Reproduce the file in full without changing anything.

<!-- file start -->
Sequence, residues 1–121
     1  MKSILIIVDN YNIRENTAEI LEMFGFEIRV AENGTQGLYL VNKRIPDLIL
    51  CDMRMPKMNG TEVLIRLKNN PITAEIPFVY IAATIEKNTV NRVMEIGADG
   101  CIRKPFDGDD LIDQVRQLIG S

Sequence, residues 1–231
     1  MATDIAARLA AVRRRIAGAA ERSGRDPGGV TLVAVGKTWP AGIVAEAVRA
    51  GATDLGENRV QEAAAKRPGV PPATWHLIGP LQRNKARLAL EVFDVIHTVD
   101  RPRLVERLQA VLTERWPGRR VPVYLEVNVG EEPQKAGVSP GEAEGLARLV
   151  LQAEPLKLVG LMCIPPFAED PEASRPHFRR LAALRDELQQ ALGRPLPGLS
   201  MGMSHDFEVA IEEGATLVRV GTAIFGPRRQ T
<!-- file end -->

Sequence, residues 1–121
     1  MKSILIIVDN YNIRENTAEI LEMFGFEIRV AENGTQGLYL VNKRIPDLIL
    51  CDMRMPKMNG TEVLIRLKNN PITAEIPFVY IAATIEKNTV NRVMEIGADG
   101  CIRKPFDGDD LIDQVRQLIG S

Sequence, residues 1–231
     1  MATDIAARLA AVRRRIAGAA ERSGRDPGGV TLVAVGKTWP AGIVAEAVRA
    51  GATDLGENRV QEAAAKRPGV PPATWHLIGP LQRNKARLAL EVFDVIHTVD
   101  RPRLVERLQA VLTERWPGRR VPVYLEVNVG EEPQKAGVSP GEAEGLARLV
   151  LQAEPLKLVG LMCIPPFAED PEASRPHFRR LAALRDELQQ ALGRPLPGLS
   201  MGMSHDFEVA IEEGATLVRV GTAIFGPRRQ T